27 August 2009
August 27, 2009
Dear Non-Profit Day Participant:
We write on behalf of Amazon Watch, a San Francisco-based non-profit organization dedicated to protecting the rainforest and advancing the rights of indigenous peoples in the Amazon Basin. As your organization participates in CompassPoint's annual Nonprofit Day, we wish to share important information with you about the involvement of the event's flagship sponsor – Chevron – in serious, ongoing human rights violations in what is being called the worst oil related disaster on the planet.
We believe that Nonprofit Day is an excellent event, full of valuable programming from the various presenting organizations, including your own. However, we believe that as Chevron's very prominent sponsorship of the event publicly associates your name with Chevron's corporate brand and image, you should know what the Chevron brand has come to represent in the Ecuadorian rainforest and beyond. We have relayed our concerns to CompassPoint about the association of its event with a company that has established itself as a serial polluter and human rights abuser of the worst order. We ask that if you share our concerns about this relationship, that you air those concerns to CompassPoint directly as well.
In Ecuador, Chevron is accused of creating an "Amazon Chernobyl" by deliberately dumping 18 billion gallons of toxic wastewater and spilling 17 million gallons of crude oil into rivers and soil used by thousands of indigenous people and campesino farmers for their daily livelihood. Chevron's (then Texaco until a 2001 acquisition) use of cheap, outdated and illegal oil extraction technology in the Amazon left rainforest residents suffering from mouth, stomach and uterine cancers, miscarriages and birth defects. Indigenous peoples have lost 95 percent of their territories and are fighting for their cultural survival.
Instead of addressing this environmental catastrophe and humanitarian crisis that continues unabated, Chevron has instead invested hundreds of millions of dollars in lawyers, public relations firms and lobbyists to delay action and justice, some of these efforts have even included attacking Amazon Watch in the media as well as our partners and Goldman Environmental Prize winners Pablo Fajardo and Luis Yanza. Chevron's handling of this issue has drawn the ire of many of its own shareholders. This year, major pension funds – including New York City (representing fire, police, and teachers among others), New York State, and California (CalPERS) – supported a shareholder resolution that addresses this issue. Religious shareholders have pushed the company for years to adopt a human rights policy, only to be rebuked by Chevron's hiring of William Haynes III, infamous for his advocacy of torture techniques as former chief counsel to the Pentagon and Donald Rumsfeld that undermined the Geneva Conventions and led to abuses at Abu Ghraib and Guantanamo Bay.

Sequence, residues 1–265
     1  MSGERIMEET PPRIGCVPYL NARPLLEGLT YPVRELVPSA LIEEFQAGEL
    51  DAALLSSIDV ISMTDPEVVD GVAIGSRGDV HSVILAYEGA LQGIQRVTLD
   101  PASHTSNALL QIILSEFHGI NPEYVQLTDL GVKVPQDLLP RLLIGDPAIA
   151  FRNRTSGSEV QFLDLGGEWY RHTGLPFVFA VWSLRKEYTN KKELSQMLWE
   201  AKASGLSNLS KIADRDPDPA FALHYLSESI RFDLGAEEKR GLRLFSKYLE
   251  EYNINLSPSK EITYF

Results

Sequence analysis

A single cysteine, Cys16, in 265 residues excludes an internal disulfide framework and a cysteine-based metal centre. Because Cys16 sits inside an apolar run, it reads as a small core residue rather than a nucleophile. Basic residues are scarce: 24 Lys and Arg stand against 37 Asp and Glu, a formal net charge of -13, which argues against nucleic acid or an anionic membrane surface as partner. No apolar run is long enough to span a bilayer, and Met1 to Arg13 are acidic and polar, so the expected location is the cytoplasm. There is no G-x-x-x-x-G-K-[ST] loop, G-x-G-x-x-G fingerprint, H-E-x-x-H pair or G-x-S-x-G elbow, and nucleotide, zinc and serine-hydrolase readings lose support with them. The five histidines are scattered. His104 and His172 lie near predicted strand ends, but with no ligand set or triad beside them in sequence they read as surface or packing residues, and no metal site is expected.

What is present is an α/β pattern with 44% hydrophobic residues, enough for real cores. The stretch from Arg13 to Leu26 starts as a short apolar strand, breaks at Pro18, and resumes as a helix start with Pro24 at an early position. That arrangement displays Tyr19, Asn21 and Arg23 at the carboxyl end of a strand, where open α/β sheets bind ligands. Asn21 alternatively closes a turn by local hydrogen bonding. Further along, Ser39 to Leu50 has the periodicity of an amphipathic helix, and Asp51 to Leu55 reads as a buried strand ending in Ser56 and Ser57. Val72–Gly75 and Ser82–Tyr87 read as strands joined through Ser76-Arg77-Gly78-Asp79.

A series of recent setbacks for the company illustrates that Chevron faces a tremendous financial and public relations liability over its Ecuador legacy, one that threatens to taint organizations associated with the company. Over the last year, an independent court appointed expert slapped Chevron with a $27 billion damage estimate and an award winning documentary on the disaster, Crude, was featured at the 2009 Sundance Film Festival and opens in theaters next month (in San Francisco on September 25th).
Chevron currently faces human rights controversies on five continents (in Nigeria, Burma, Ecuador, Iraq, and the city of Richmond, California), and is increasingly out of step with other industry leaders. Your organization represents the best of the Bay Area. We hope that you will join us in using Chevron's association with Nonprofit Day as an opportunity to press the company to do the moral thing in Ecuador. We also hope that you will ask CompassPoint to do the same.
Paul Paz y Miño
Managing Director, Amazon Watch